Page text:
Poté

On OUTLIER

BIOGRAPHY

Poté builds worlds that are raw and expansive. His music treads between the rhythmic sound of his heritage and his interest in exploratory, emotive songwriting; it’s an interplay that continues to evolve through each of the songs he writes. The network he’s built along the way speaks to the variety of his influences: with connections from Lisbon’s kuduro-fused Enchufada label, to Benji B and Damon Albarn, his approach is open and many-sided. Born in St L...

Poté builds worlds that are raw and expansive. His music treads between the rhythmic sound of his heritage and his interest in exploratory, emotive songwriting; it’s an interplay that continues to evolve through each of the songs he writes. The network he’s built along the way speaks to the variety of his influences: with connections from Lisbon’s kuduro-fused Enchufada label, to Benji B and Damon Albarn, his approach is open and many-sided. 

Born in St Lucia and later moving to the UK, his family moved to London when he was 12 to look for more opportunities. Spending his teenage years in the UK capital, it was there that he made his first steps into music. His earliest releases were for Scratch Perverts imprint Black Gold: they were up-tempo, club-focused productions – bedded in tight, sturdy drums – but with shades of emotion at the edges. “At that stage, I was entering a rediscovery of my culture, and my background,” he says. “I wanted to draw on that percussion of the Caribbean, and try to unite that with the reason I started writing music: as a valve for my emotions.”

Sending tracks out to DJs and radio hosts, he quickly struck a chord with the tastemakers he looked up to. Garnering support from the likes of Annie Mac, MistaJam, Phil Taggart and Nina Las Vegas, he also struck a connection with Branko, one fifth of Buraka Som Sistema, who signed Poté to release his 2015 debut EP, “Voyeurism”, for his Lisbon-based label Enchufada.

Around that time Poté made new connections between his heritage and the music he’d become interested in the years since. Exposed to the Angolan-influenced scene, he heard how it chimed with his own musical upbringing. “It was the first time where I heard parallels between what I was hearing as a kid in St Lucia and what other people were doing in dance music," he says.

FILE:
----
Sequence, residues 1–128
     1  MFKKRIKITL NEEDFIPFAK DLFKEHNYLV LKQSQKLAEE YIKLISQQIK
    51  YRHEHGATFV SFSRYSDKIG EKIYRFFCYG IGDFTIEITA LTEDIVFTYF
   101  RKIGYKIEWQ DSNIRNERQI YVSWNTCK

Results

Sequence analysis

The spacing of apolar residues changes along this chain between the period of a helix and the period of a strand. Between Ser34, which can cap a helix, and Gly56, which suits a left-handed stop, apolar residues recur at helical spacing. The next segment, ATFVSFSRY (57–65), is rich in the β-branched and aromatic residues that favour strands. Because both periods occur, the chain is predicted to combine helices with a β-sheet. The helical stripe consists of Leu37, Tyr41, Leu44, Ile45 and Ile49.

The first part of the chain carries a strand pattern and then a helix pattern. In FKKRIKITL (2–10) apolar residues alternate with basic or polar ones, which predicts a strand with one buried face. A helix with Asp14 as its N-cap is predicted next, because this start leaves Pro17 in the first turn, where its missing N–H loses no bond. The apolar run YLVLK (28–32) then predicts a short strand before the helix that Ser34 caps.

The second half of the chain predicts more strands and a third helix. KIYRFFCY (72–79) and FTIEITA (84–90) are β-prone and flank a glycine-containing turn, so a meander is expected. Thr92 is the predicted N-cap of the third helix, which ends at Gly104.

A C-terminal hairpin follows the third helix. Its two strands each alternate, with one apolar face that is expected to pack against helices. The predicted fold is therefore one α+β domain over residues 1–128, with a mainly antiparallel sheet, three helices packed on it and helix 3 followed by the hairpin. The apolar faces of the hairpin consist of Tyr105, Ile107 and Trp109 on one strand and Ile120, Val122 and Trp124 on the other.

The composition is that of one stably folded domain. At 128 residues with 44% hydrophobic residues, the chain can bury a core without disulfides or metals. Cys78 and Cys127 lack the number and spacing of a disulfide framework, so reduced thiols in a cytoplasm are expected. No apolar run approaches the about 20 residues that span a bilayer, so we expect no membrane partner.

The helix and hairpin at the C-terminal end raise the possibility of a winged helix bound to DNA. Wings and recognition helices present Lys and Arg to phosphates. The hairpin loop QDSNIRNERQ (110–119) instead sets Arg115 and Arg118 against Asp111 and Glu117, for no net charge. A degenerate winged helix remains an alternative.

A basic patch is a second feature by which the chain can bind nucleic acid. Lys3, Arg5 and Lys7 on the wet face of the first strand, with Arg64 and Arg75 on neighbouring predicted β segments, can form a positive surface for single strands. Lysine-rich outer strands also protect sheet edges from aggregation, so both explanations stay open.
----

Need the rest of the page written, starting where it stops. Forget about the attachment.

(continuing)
He released “Spiral, My Love”, in 2018, after getting support from Benji B. Like many of Poté’s connections, they first linked up online. Poté sent over his music, which Benji then played on his BBC Radio 1 and 1xtra show, and they talked about working together. Benji, who was last year appointed Head of Music at Louis Voutton, signed Poté to his Deviation label, and he released a series of singles before that LP.

That record saw him work with new collaborators, and develop the gentler sides to his music. He became bolder in using his own vocals, and put greater emphasis on writing melodies. Working with Kojey Radical, Chelou and Alxndr London, they helped to develop his craft for writing. “I think it's just working with other people, and people who actually write songs and not just producers – that really shaped my ear for melodies and writing,” he says.

Around the same time, he made strides in establishing himself as a performer. After supporting his music on the radio (and, later, in his contribution to the legendary “fabric presents” mix series), Bonobo invited Poté to support on his European tour. Poté had just put the finishing touches to a live show to perform music from “Spiral, My Love”, and he debuted it on the tour. He played live for the first time in front of thousands-strong crowds, in venues from Spain to the Czech Republic, giving him the confidence to take a further step from making  club-oriented music. “It made me realise this could actually work,” he says.

He moved to Paris in 2019, where he’s still based now, a change which has widened his perspective on life. “It really shakes your reality up,” he says. He made the move while he was working on his latest album, and it gave him a new sense of freedom. From the way he dresses to his sense of self, it’s gone hand in hand with his growth as a musician –  it’s emboldened him to look inward and reflect upon himself, as well as to take more risks.